Another example of his profound ignorance is his complete lack of understanding of common medical conditions:

For subjective and functional conditions — for example, migraine, schizophrenia, back pain, depression, asthma, post-traumatic stress disorder, neurologic disorders such as Parkinson's disease, inflammatory bowel disease and many other autoimmune disorders, any condition defined by symptoms, and anything idiopathic — a patient-centered approach requires that patient-preferred outcomes trump the judgment of the physician.

None of the conditions he mentions above are what he thinks they are.  There is nothing "subjective" about the cognitive dysfunction of schizophrenia or the tremors and stiffness of Parkinson's disease.  And there are drugs and other physiologic interventions that improve both the way patients feel and objective measures of how they are doing.

It's not so much Moerman's ignorance that disturbs me: anyone can be ignorant.  But this piece of idiocy was published in one of the world's most respected medical journals.   Well, his ignorance really does disturb me too.  He closes with a false dichotomy:

Do we need to control for all meaning in order to show that a treatment is specifically effective? Maybe it is sufficient simply to show that a treatment yields significant improvement for the patients, has reasonable cost, and has no negative effects over the short or long term. This is, after all, the first tenet of medicine: “Do no harm.”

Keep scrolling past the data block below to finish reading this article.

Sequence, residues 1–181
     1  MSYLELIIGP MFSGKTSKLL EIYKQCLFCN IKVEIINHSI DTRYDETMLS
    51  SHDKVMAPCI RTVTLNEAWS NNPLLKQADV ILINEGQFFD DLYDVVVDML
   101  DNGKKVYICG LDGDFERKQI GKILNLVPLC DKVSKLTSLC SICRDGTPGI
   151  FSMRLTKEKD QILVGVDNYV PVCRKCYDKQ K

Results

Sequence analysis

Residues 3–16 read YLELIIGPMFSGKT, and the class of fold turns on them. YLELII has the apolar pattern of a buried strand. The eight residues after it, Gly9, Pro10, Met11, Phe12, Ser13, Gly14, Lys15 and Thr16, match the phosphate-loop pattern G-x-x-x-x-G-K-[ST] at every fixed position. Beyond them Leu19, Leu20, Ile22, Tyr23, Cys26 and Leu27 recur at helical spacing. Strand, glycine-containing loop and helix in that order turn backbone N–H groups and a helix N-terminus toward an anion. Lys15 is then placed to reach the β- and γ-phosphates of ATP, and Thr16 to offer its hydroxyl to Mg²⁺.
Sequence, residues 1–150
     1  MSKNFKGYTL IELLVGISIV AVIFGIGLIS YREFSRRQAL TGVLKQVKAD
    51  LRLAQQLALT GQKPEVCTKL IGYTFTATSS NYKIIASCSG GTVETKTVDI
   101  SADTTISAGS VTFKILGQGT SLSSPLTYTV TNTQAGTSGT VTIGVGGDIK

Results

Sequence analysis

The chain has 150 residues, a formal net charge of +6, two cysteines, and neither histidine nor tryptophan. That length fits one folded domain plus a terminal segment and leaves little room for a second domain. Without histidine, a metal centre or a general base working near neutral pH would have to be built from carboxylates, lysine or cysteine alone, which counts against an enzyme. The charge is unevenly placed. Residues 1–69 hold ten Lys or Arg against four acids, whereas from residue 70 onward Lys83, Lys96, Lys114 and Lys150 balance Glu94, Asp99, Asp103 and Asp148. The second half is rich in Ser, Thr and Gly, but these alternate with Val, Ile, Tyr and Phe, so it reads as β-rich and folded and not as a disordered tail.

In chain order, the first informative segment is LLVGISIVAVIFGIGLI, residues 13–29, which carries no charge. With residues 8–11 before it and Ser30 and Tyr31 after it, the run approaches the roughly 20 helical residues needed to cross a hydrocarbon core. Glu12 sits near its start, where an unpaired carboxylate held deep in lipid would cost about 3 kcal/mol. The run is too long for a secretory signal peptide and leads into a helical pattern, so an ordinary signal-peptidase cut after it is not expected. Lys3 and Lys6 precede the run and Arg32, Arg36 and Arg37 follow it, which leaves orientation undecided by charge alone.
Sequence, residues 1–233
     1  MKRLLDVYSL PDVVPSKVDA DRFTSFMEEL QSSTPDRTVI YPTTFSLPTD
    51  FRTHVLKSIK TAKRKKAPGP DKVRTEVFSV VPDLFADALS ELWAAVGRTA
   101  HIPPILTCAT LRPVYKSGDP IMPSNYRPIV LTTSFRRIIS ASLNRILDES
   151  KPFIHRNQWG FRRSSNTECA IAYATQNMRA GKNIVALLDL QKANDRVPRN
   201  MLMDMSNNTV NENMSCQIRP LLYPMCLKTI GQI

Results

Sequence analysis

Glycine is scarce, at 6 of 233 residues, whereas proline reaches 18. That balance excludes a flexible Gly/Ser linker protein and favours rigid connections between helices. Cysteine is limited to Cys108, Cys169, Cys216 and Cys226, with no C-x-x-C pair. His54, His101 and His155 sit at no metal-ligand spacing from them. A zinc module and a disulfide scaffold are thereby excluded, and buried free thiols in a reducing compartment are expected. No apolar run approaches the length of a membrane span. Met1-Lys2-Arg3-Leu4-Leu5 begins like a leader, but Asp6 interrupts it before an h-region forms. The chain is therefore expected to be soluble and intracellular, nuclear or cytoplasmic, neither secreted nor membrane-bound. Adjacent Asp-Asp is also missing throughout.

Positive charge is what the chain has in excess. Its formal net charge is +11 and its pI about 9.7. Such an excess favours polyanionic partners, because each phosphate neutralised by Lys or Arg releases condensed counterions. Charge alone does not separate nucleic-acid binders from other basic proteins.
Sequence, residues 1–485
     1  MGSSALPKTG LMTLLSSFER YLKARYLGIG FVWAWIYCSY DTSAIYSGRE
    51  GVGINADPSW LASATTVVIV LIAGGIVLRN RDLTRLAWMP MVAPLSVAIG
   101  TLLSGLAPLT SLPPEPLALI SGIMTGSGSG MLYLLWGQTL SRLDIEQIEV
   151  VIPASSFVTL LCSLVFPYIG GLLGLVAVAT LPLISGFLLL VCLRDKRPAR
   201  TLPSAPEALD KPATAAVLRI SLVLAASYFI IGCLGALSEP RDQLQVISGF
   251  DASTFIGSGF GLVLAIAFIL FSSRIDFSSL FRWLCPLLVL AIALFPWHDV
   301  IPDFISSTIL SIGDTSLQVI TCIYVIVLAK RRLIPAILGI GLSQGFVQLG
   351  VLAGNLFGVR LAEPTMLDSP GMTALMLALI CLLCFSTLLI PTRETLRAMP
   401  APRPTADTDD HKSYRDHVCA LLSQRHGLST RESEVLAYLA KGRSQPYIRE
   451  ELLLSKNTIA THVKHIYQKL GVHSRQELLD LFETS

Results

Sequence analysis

As a physician and a patient, I'm unwilling to settle for "no negative side effects over the short or long term."   There are no such things as "side effects"; only "effects", some of which we desire, some of which we do not, so risk can only be minimized, never eliminated.   The precept is "First, do no harm", not "Do nothing and hope for the best."


Moerman, Daniel E. Meaningful placebos—controlling the uncontrollable. N Engl J Med 365(2):171-172 (2011). DOI:10.1056/NEJMe1104010.

8 responses so far

Mid-week meanderings

Jul 13 2011 Published by under Narcissistic self-involvement, Uncategorized